Where would the story of his birth come from, unless from her? She stood by the cross of her Son on Calvary, according to St. John gospel. Wouldn’t she offer her memories about that crucial event too?

Yet, Mary’s contribution differs from that of the other disciples, like Peter.  She witnessed Jesus birth and early life, when he was subject to her and Joseph at Nazareth. But, interestingly enough– as the scriptures indicate– when Jesus begins his public ministry and calls disciples, when he begins to preach and to heal in Capernaum and in other towns of Galilee, Mary has hardly any part of it.

Yes, she’s present at Cana in Galilee at the marriage feast when he changed water into wine, according to John’s gospel.  She visits him at Capernaum briefly according to the gospels. For the most part, however, she seems to remain in Nazareth where, where according to the scriptures, Jesus is rejected when he visits his hometown.

It seems, then, that Mary is present only occasionally during Jesus’ public ministry.  Then, she had to hear what he said and did from others. Only when he goes to Jerusalem for the last time, does she accompany him.  Then, according to John’s Passion narrative, she stood by his cross and watched him die.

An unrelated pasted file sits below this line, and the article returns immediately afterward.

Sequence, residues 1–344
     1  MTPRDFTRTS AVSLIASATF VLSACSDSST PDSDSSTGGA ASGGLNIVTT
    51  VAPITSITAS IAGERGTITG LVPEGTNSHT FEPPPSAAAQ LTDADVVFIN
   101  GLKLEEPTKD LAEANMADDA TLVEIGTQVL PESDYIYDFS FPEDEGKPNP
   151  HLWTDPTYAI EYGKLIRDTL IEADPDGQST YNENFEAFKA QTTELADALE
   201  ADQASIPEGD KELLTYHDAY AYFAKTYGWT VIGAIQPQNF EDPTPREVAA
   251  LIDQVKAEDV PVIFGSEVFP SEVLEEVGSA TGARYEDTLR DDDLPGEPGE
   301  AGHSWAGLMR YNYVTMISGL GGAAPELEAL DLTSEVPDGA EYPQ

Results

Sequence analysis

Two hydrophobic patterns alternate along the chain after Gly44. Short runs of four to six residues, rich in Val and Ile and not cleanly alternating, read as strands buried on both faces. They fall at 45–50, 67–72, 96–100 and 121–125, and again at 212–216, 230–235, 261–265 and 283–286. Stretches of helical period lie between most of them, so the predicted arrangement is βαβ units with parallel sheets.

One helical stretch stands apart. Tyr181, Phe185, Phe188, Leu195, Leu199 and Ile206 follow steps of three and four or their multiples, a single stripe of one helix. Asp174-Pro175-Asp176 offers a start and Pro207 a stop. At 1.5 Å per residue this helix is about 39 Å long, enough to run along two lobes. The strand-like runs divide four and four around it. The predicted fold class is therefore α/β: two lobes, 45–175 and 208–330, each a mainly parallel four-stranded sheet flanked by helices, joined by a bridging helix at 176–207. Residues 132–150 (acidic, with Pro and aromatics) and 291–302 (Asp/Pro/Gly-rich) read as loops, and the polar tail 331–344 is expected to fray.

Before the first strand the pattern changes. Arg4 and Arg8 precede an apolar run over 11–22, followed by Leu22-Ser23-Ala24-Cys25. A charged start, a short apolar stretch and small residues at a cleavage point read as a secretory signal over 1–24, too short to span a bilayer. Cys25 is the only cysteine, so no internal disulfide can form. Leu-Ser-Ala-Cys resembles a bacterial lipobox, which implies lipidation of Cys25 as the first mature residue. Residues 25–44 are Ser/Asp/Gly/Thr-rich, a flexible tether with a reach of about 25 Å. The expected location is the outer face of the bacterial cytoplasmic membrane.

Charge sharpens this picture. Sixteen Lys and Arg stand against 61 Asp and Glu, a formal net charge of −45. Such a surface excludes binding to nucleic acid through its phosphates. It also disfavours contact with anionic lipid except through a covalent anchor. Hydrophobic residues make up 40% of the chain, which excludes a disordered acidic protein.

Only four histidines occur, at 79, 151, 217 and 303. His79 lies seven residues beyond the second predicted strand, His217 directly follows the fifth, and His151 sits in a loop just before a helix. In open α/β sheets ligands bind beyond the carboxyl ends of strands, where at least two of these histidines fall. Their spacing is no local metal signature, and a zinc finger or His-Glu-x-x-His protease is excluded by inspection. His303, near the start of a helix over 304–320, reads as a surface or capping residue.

Two periods of Jesus’ life she witnesses directly: Jesus’ birth and early life at Nazareth, and his death on the cross. Both belong to his hidden life when his power is mostly concealed.
Made flesh, the Word of God becomes part of ordinary humanity, and he “humbles himself, taking the form of a slave,” St. Paul says. In his early life, he was like any other child and would be unnoticed.  At his death, he could be mistaken for any criminal condemned to a cross.

Mary looks at the mysteries of her Son as a woman of prayer, a believer, and helps us understand what the one we see in faith, who is so often hidden.

She becomes a companion in prayer. Hail Mary, full of grace, the Lord is with you.” In these words we welcome her; we share in her grace and her wisdom.

This is especially true when we pray the rosary with her.

“To recite the rosary is nothing else than to contemplate the face of Christ with Mary.”
In his letter “Rosarium Virginis Mariae” (October 16, 2002) Pope John Paul II recommended this way of praying which has nourished Catholics for centuries as a “school of Mary.” The pope suggested other mysteries be added to those already used by Catholics, Mysteries of Light, which include mysteries of Jesus’ public life from his baptism to his passion.

The pope saw the rosary as a way to center on the life of Jesus Christ. Through it, “may be imitate what it contains and obtain what it promises.”

The rosary is a good way to meditate on the scriptures. We will pray it this evening as a scriptural prayer.

Follow up: For a biography of Mary and further information, see http://www.cptryon.org/compassion/mary/index.html